Investing Unit 6: Cost and Where to Buy

December 01, 2008 Print Friendly and PDF




What you pay to purchase or sell a mutual fund, as well as the ongoing fund operating expenses, can have a great impact on the rate of return on your investments. So, keeping fees to a minimum is in your best interest. Generally, there are four categories of expenses—direct sales commissions, management fees, marketing costs, and overhead expenses.

Mutual funds come in two types: load and no-load. Load funds carry an up-front sales charge of 4% to 8.5% of the amount invested for "Class A" shares and are bought from a stockbroker, commission-based financial planner, and others who earn their living on sales commissions. A mutual fund is considered low-load if it carries a smaller up-front sales charge of 1% to 3%. Some funds charge a back-end load, also known as a contingent deferred sales charge (CDSC). You don’t pay a sales fee to get into the fund, but you will incur a sales charge on the way out if you sell early. These funds, commonly called "Class B" shares, were created to combat the negative image of up-front loads. Typically, the charge declines 1% each year until it disappears after the fifth or sixth year. However, management and marketing fees are usually higher on this version of a load fund. Try to avoid this arrangement if you don’t know how long you will hold the fund.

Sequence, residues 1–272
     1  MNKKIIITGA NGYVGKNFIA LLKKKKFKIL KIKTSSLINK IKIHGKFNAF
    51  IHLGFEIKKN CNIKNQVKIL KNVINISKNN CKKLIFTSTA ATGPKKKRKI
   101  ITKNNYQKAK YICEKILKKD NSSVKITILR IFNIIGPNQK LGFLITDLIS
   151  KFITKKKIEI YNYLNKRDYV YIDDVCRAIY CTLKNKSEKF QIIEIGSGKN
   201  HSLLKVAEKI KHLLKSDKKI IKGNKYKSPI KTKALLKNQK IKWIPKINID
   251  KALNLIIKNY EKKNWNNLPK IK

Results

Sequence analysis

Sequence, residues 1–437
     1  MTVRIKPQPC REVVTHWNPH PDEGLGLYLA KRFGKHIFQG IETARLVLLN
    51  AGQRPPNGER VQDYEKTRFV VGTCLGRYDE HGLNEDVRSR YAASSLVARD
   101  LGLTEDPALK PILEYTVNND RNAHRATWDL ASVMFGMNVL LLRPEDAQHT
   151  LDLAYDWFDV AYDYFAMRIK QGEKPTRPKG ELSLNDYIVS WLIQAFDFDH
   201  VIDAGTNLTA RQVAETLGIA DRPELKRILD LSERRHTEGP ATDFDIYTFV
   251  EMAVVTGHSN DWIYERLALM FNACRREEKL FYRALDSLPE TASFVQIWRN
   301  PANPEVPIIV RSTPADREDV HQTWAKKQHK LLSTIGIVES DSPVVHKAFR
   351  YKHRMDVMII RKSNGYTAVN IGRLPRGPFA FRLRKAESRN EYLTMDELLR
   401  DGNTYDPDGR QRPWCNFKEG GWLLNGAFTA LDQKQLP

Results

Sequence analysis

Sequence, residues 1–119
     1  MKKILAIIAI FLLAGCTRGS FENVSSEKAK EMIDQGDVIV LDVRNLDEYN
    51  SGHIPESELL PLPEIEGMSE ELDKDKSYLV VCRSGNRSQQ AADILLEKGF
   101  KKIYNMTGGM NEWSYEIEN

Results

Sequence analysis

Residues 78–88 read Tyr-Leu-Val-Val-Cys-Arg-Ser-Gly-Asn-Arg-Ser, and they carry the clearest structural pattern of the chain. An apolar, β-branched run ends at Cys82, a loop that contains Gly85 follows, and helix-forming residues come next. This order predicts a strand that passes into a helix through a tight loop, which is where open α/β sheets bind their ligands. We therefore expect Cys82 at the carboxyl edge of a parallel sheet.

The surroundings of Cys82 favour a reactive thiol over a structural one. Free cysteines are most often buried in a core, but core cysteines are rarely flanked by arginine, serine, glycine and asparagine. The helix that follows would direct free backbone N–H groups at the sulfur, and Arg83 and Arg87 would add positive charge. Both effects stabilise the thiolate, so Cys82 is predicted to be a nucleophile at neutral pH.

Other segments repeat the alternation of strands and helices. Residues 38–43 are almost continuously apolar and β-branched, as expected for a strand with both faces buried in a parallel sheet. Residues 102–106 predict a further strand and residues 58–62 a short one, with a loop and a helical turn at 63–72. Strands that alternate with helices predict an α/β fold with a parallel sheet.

No-load funds, on the other hand, require no upfront fees to purchase shares and usually have no marketing fees. Investors deal directly with the fund company, a mutual fund supermarket (e.g., Charles Schwab, Waterhouse), or a fee-only financial planner, rather than with a broker. Some load and no-load funds also impose redemption fees to discourage investors from moving in and out of certain funds too frequently.

Both no-load and load funds charge annual money management and administrative fees. These costs are a percentage of the assets in the portfolio. These costs, in addition to the marketing/advertising fees, called a 12b-1 fee, make up a fund’s expense ratio. The 12b-1 fee pays for advertising and distribution costs, as well as broker compensation. Deducted from shareholder assets, 12b-1 fees can range from 0.1 to 1.00%, and every shareholder pays a pro rated share. Typical expense ratios, which can include a 12b-1 fee, range from 0.5% to 2% of fund portfolio assets. Beware of funds with expense ratios greater than 1.4% for stock funds, 1% for bond funds, and 0.5% for money market funds as this indicates that you are paying above-average costs.

Generally, no-load funds have lower fees than load funds, resulting in lower expense ratios. However, there is an exception—"Class C" shares—another version sold by a broker that has no sales charge but has a higher 12b-1 and management fee than either Class A or B shares. All things being equal, low cost funds will net you higher returns than high cost funds. Costs matter!

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This work is supported by the USDA National Institute of Food and Agriculture, New Technologies for Ag Extension project.